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Musculoskeletal Disorders: How to Manage Hidden Ergonomic Risks

Adapted from an article in Facility Safety Management.

Some of the most devastating workplace safety problems are often the ones we don’t see coming. Slow-developing musculoskeletal disorders (MSDs) are one such example. According to OSHA’s studies on the financial toll of MSDs, American businesses incur $20 billion per year in direct MSD-related expenses alone. 

MSDs account for a full ⅓ of all workers compensation costs because they’re difficult for the average person to spot before it’s too late. However, with better education about MSD risks and smart ergonomic solutions, today’s workplaces can do better.

What We Don’t Know Will Eventually Hurt Us

Part of what makes MSDs an invisible threat is the fact that they are often caused by seemingly small, repetitive tasks. Awkward or briefly stressful movements are made worse over time, sometimes without an employee knowing until chronic back pain or joint sprains result. By then, the musculoskeletal damage has already been done, frequently making surgery and down time a necessity.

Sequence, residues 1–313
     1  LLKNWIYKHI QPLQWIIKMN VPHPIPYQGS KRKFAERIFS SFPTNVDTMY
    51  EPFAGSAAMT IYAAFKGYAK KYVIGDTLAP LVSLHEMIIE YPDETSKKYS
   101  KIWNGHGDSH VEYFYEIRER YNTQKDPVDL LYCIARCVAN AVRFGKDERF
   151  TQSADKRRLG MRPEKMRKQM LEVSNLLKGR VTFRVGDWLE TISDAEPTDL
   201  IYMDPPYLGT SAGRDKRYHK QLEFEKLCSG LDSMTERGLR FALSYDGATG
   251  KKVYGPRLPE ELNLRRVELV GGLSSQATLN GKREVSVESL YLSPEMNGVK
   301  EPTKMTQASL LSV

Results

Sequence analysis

Late detection is part of what makes MSDs so costly. OSHA’s diligently-collected data reveals that the average business must earn an extra $8 million in sales for every $260,000 lost to an MSD. If hidden MSD risk could be identified early on, preventative measures might save employees and businesses considerable grief. However, that’s easier said than done.

OSHA’s 50 lb. payload lifting guideline was designed to be a reasonable estimate for what employers and employees can expect on the job. It should not be treated as a guarantee.  Unfortunately, some employees may not realize this. In reality, slow-developing MSDs can happen to anyone, even when following the guidelines.

In fact, OSHA’s research shows that even when lifting weights under 40 lbs., employees can experience serious injury in certain workplace contexts. In reality, MSD injury risk varies by the employee. For businesses with a wide range of ages, genders, and sizes among staff, it can be especially difficult to rely on guidelines, such as OSHA’s 50 lb. rule.

When employees stretch the rules, the consequences can be even worse. Engineers at Electro Kinetic Technologies regularly discover that existing safety protocols and processes are not being consistently followed in customer facilities. In fast-paced lean manufacturing environments where efficiency is everything, it makes sense that highly motivated team members may not want to follow the rules 100% of the time.

This is why motorized or automated equipment is often necessary to address hidden injury risks. Their ease of operation helps to encourage compliance, and can actually help employees complete their projects more efficiently. The more realistic our solutions are, the more worthwhile the investment in them will be.

Where an Engineer Might Find Hidden MSDs